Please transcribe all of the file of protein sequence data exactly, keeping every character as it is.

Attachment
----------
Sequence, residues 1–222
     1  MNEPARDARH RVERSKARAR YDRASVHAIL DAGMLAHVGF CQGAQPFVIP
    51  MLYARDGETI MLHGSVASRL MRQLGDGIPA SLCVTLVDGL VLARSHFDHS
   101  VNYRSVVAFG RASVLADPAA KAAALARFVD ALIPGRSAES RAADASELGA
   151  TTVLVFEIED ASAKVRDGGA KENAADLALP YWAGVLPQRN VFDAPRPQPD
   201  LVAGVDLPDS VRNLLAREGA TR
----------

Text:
Sequence, residues 1–222
     1  MNEPARDARH RVERSKARAR YDRASVHAIL DAGMLAHVGF CQGAQPFVIP
    51  MLYARDGETI MLHGSVASRL MRQLGDGIPA SLCVTLVDGL VLARSHFDHS
   101  VNYRSVVAFG RASVLADPAA KAAALARFVD ALIPGRSAES RAADASELGA
   151  TTVLVFEIED ASAKVRDGGA KENAADLALP YWAGVLPQRN VFDAPRPQPD
   201  LVAGVDLPDS VRNLLAREGA TR